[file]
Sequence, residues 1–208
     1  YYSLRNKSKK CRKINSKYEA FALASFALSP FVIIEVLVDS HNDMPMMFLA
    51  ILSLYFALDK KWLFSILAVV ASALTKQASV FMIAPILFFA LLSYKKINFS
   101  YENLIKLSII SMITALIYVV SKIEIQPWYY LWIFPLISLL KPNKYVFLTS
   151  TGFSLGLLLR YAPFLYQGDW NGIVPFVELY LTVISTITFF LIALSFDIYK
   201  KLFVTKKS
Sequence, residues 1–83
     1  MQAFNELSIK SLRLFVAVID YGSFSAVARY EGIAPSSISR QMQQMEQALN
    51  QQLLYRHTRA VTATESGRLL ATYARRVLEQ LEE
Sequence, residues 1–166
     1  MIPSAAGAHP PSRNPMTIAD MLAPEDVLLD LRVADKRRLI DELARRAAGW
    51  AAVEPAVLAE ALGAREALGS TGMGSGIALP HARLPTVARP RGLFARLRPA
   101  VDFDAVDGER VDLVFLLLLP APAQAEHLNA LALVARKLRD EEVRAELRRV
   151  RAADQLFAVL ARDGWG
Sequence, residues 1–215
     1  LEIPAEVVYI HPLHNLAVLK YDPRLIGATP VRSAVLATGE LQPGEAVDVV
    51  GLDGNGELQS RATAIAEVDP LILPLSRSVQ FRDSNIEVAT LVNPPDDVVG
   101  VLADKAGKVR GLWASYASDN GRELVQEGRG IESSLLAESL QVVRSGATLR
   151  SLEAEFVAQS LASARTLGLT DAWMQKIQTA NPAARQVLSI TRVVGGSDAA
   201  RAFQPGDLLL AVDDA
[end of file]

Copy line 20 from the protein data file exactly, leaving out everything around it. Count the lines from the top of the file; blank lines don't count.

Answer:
   201  RAFQPGDLLL AVDDA